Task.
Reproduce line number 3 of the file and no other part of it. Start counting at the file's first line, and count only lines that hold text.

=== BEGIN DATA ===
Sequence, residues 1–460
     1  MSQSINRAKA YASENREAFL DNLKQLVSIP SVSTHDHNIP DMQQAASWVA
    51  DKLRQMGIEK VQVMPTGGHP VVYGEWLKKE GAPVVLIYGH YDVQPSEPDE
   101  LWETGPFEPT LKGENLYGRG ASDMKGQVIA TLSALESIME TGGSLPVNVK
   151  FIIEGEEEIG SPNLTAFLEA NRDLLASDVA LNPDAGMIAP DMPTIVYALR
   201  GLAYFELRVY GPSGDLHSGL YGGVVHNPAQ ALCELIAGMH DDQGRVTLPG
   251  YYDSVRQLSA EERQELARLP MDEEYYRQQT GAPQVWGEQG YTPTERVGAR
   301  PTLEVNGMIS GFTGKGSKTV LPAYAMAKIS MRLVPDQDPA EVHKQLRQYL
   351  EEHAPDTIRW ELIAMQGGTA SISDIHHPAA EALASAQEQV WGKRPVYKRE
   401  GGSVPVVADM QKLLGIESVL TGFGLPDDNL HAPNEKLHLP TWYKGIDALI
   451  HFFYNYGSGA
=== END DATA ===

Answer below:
    51  DKLRQMGIEK VQVMPTGGHP VVYGEWLKKE GAPVVLIYGH YDVQPSEPDE